Date of Conferral
Doctor of Public Health (DrPH)
Dr. Frazier Beatty
Chronic kidney disease (CKD) is preventable and reversible in the early stages with upstream strategies; however, the number of individuals diagnosed with end-stage renal disease (ESRD) is increasing annually. Although researchers have documented the physiological and psychological stressors associated with hemodialysis (HD), little is known about the effects of in-center HD on the recipients in DeKalb County, Georgia. This study described the experiences of 10 African American HD patients who dialyze in DeKalb County. Using a phenomenological approach, the interviews were transcribed and then analyzed for significant quotes and recurrent themes relevant to receiving HD in DeKalb County. The health belief model was used to identify the perceptions and susceptibilities that formed the lived experiences of the participants. Results showed that 70% of the patients had been diagnosed with hypertension and/or diabetes and that 50% had never heard of ESRD prior to diagnosis. All 10 patients reported never knowing that hypertension and/or diabetes was a major cause of ESRD. The study sought to find common themes related to the perceived threat of ESRD by the participants. This study can be used to implement positive social change by instituting upstream strategies to decrease the prevalence of ESRD or slow the progression of CKD in this population, heightening awareness of this disease in minority communities, and implementing a sustainable health behavior plan to decrease the prevalence of the disease.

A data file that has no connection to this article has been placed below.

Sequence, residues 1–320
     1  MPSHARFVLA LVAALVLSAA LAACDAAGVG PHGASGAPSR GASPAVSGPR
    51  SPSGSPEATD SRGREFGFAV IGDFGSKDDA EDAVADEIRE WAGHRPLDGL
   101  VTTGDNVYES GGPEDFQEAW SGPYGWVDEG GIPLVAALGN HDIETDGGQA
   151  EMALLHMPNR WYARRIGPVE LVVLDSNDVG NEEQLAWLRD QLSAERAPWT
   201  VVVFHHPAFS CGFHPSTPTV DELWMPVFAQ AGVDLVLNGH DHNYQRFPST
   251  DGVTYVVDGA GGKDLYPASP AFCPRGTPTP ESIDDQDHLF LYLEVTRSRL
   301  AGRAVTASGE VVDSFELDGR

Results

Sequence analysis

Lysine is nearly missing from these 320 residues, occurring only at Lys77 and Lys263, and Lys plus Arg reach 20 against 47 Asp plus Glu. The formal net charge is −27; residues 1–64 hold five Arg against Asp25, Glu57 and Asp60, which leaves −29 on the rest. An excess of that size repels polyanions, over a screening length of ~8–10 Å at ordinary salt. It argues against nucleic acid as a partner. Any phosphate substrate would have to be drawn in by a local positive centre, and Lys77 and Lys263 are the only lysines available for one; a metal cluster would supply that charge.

Cooper, Stacey Deniese, "The Lived Experience of In-Center Hemodialysis Patients Receiving Treatment in DeKalb County, Georgia" (2017). Walden Dissertations and Doctoral Studies. 3933.